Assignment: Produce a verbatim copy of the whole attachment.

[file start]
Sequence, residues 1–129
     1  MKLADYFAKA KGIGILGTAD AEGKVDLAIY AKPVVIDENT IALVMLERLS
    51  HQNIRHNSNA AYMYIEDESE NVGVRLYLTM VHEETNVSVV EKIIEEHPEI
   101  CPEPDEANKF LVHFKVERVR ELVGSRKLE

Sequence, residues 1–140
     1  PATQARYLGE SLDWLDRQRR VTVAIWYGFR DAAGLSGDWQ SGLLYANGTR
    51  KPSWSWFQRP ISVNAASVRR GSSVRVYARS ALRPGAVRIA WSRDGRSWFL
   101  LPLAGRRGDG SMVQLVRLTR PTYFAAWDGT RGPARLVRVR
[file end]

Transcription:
Sequence, residues 1–129
     1  MKLADYFAKA KGIGILGTAD AEGKVDLAIY AKPVVIDENT IALVMLERLS
    51  HQNIRHNSNA AYMYIEDESE NVGVRLYLTM VHEETNVSVV EKIIEEHPEI
   101  CPEPDEANKF LVHFKVERVR ELVGSRKLE

Sequence, residues 1–140
     1  PATQARYLGE SLDWLDRQRR VTVAIWYGFR DAAGLSGDWQ SGLLYANGTR
    51  KPSWSWFQRP ISVNAASVRR GSSVRVYARS ALRPGAVRIA WSRDGRSWFL
   101  LPLAGRRGDG SMVQLVRLTR PTYFAAWDGT RGPARLVRVR